The writer happened to be in the For the honour of human nature I rear division, but it was not long be would hope, fays he, that this flagrant fore he thared the fate of his compa breach of every facred law proceeded nions : three or four of the savages rather from the favage disposition of Jaid hold of him, and whilst some held the Indians, (which he acknowledges their weapons over his head, the others is sometimes almost impossible to confoon ditrobed him of his coat, waist trol, and which might now unex• coat, hat, and buckles, not omitting pectedly have arrived to a pitch not to take from him what money he had easily to be restrained,) than to any prein his pockets. As this was transacted meditated design in the French Comclose by the paslige that led from the mander An unprejudiced observer lines on to the plain near which a would however be apt to conclude, that French centinel was posted, he ran to a body of 10,000 christian troops him and claimed his protection ; but must have had it in their power to the Frenchman only called him an Eng prevent the massacre from becoming lith dog, and thrust him with violence to general. But, whatever was the back into the inidst of the Indians. caule from which it arose, the conse
He now endeavoured to join a body quences of it were dreadful, and not of the garrison that were crowded to to be paralleled in modern history. gether at some distance; but innume As the circle in which the writer rable were the strokes that were made stood inclosed was by this time much at him with different weapons as he thinned, and death seemed to be appassed along. Luckily, however, the proaching with hafty Arides, it was lavages were so close together, that proposed by some of the most resolute they could not strike to hurt him with to make one vigorous effort and enout endangering each other; notwith deavour to make their way through ftanding which one of them found the savages; the only probable method means to make a thrust at him with a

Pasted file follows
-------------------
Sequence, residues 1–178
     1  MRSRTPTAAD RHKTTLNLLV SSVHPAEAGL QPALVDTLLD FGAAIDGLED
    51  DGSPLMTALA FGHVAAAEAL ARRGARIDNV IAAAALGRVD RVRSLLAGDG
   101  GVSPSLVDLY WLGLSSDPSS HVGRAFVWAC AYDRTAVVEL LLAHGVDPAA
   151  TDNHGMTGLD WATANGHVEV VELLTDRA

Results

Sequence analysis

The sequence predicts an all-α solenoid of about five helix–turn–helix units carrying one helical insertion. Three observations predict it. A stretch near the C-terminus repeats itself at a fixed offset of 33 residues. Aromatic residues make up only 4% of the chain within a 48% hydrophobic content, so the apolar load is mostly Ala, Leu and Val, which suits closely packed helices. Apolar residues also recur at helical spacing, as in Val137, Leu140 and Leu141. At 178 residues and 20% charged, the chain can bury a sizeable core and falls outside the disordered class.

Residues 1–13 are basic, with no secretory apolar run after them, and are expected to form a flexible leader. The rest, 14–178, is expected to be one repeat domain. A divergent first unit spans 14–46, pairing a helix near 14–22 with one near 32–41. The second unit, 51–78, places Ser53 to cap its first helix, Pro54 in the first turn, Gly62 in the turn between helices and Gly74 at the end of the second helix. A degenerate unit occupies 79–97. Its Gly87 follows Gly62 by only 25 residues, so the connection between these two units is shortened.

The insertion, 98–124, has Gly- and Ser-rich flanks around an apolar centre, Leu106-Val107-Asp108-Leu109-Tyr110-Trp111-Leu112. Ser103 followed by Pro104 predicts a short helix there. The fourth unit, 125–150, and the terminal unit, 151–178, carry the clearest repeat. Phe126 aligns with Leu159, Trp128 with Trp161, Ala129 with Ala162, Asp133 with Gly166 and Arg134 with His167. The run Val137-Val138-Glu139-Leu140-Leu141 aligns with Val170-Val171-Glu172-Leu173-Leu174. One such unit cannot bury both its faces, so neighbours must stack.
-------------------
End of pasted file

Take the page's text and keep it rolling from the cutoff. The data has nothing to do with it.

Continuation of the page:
of preserving the lives of those who Spear which grazed his side, and from now remained. This, however despeanother he received a wound with the
jate, was resolved on, and about 20 fame kind of weapon in his ancle. At fprung at once into the midst of them. length he gained the spot where his li a moment they were all separated ; countrymen itool, and forced himself and what was the fate of the writer's into the midit of them; but before he companions he could not learn till fonde got thus far out of the hands of the months after, when he was informed Indians, the collar and risbands of
that only fix or seven of them effected his thirt were all that remaired of it, their design. Intent only on his own and his flesh was scratched and torn in bazardous situation, he endeavoured to many places with their savage claws.
make his way through his lavage eneBy this time the war hoop was mies in the best manner possible; and given, and the Indians began to mur. I have often, says he, been astonished der those that were nearelt to them fince, when I have recollected with without distinction. It is not in the what composure I took, as I did, eyepower of words to give any tolerable ry necessary itep for my prefervation, idea of the horrid scene that now en Somc I overturned, being at that time sued. Men, women, and children, young and athletic; and others I passed were dispatched in the most wanton by, dexteroully avoiding their weaand cruel manner, and immediately pons, till at last two very stout chiefs scalped. Many of these savages drank of the most favage tribe, as I could the bloud of their victims as it flowed diftinguish by their dress, whose warm from their fatal wounds.
strength I could not refift, laid hold We now perceived, says the writer, of me by each arm, and began to force tho' too late to avail us, that we were me through the crowd. to expect no relief from the French ; I now, continued he, resigned myand that, contrary to the agreement self to my fate, not doubting but they they had so lately signed to allow us a intended to dispatch me, and to satiate futhicient force to protect us from their vengeance with my blood, as I thele barbunities, they tacitly permitted found they were hurrying towards a